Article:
Citizens deliver on Project Clean Up promise

An edited version of this article was first published in The Express Tribune on Sept 24, 2012.

Islamabad – They arrived at the scene with trash bags, brooms, paint and good intentions.

Around 100 students, young professionals and members of the civil society showed up in front of Islamabad’s Serena Hotel on Sunday to take part in the Project Clean Up for Peace, a one-time initiative taken to clean up the mess created by three days of violent protests against the controversial film Innocence of Muslim and fix damaged property.

The clean up project was initiated through the social media efforts of Islamabad resident Faran Rafi. It was carried out in several cities simultaneously.

Participants swept the part of Khayaban-e Suharwardi in front of the Serena Hotel and the adjacent green belt with brooms. They picked up the trash and other items damaged during the protests from the road.

Talking to the Express Tribune, Rafi said, “I’m surprised that so many people have turned out for the event. I had not expected there would even be an event when I first tweeted about the clean up.”

On Friday, protesters had set fire to a duty room in front of the Serena Hotel, which belonged to the DSP of the Islamabad Traffic Police. Project Clean Up participants removed the ash, soot and debris from inside the room, and painted the walls of both the room and a nearby police check post which was also affected by the protests.

Some participants carried placards and posters highlighting the message of peace in Islam.

Inspector General Islamabad Police Bani-Amin Khan also visited the area and appreciated the effort.

“We are very encouraged that the civil society has come out today on its own to help the police,” Khan said.

Around 1 pm, the participants moved to the Jinnah Avenue near Parade Chowk in a bus provided by the Islamabad Police. There, they cleared the debris left by protests from the road and painted the road barriers which were battered during the protests.

The participants held a brief candlelight vigil near the Blue Area and observed a minute of silence to honor those who lost their lives during the protests.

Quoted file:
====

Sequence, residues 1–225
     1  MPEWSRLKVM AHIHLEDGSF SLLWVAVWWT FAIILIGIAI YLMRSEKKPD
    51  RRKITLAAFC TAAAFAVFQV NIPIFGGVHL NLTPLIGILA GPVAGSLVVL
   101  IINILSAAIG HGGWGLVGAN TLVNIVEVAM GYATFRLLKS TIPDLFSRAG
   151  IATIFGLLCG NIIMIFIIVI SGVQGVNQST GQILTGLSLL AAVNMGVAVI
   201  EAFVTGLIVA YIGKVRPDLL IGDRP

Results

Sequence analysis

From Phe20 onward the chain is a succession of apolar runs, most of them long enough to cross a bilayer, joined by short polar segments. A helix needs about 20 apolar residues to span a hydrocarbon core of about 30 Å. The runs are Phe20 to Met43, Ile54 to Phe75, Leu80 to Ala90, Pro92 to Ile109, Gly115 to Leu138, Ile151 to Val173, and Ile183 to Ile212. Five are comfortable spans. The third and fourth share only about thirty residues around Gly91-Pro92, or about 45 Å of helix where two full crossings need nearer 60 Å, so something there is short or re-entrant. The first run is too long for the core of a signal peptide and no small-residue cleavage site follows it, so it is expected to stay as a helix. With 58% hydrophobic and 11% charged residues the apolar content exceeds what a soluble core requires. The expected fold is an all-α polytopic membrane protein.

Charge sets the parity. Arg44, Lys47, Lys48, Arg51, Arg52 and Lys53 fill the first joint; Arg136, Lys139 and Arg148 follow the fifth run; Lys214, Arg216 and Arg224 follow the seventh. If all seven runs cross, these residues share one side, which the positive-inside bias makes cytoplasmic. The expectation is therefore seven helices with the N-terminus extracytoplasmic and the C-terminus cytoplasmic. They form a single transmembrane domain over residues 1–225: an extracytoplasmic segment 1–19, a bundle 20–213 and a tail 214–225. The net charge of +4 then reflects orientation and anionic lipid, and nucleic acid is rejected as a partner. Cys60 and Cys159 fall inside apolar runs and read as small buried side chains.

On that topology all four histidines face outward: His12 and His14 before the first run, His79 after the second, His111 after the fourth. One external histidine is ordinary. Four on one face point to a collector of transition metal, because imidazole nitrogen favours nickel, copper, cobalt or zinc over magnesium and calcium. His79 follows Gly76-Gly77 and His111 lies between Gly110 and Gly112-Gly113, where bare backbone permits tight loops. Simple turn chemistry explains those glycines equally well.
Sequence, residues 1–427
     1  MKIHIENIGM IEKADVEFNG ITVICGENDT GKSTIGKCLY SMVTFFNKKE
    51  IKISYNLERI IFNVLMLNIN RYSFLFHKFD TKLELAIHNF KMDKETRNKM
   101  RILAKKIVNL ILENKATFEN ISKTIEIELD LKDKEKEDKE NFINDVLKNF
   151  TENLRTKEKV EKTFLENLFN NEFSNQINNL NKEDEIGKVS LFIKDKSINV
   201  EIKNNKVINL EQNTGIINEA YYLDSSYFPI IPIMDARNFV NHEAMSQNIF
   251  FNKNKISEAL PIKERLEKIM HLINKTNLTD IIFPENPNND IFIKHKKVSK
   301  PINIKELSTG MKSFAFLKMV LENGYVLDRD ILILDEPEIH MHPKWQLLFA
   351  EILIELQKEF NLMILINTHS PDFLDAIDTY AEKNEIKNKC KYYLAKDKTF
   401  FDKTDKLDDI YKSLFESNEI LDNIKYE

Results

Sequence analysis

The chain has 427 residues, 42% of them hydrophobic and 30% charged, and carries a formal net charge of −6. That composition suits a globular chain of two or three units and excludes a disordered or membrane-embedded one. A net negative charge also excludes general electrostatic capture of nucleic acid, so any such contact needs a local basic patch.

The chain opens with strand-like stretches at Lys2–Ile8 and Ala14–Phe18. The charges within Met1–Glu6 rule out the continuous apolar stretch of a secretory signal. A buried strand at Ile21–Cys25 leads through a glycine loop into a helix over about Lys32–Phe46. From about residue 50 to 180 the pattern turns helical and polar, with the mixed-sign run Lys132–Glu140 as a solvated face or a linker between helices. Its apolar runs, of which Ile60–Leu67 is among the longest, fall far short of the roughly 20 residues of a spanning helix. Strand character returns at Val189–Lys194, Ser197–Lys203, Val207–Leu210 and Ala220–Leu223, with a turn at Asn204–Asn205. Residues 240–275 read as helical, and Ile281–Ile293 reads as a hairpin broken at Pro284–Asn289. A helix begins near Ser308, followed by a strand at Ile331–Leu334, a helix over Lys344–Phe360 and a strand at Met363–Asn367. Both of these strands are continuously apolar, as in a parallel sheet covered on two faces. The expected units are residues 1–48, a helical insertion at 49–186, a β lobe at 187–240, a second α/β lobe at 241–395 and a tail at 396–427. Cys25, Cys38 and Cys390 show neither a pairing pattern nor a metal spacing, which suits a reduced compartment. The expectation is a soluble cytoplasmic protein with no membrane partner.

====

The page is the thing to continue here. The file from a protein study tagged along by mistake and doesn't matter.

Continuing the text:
A five-member group also went to the Polyclinic Hospital to enquire after the health of a policeman who was injured in the protests.

Rafi thanked all the people who showed up for the event.

“You have proved that Islam doesn’t promote or provoke violence. I wish such violent incidents don’t happen again, but if the country needs us again, I hope you all will be here to help,” he said, addressing the crowd after the candlelight vigil.

Rafi said he hoped people who protested this week would also realize their violent actions are not the way to register a protest with the international community.

Earlier, promoting a positive image of Pakistanis and emphasizing the power of an individual’s efforts toward creating change seemed to be the common mantra among the participants.

“We want to show that there are good people in Pakistan who want to improve things in the country, not break our own property,” Ayesha Gohar, a graduate student, said.

“It’s great that the organisers were able to mobilize a significant number of people in two days,” Taqi Haider, an ACCA student, said. “If individuals play their part, it could lead to collective gains in the society.”

Moonis Bilal, who works at Telenor in Islamabad, said, “This effort might not be much, but we should do whatever we can to present a positive image of our nation.”

Some of the participants thought the event should become a regular activity.

“This initiative should not end today,” Sofia Mir, a student at Rawalpindi’s National College of Arts, said. “Pakistanis have the spirit to bring about change, but unfortunately it keeps dying down. We need to keep up our efforts and revive our spirit from time to time.”

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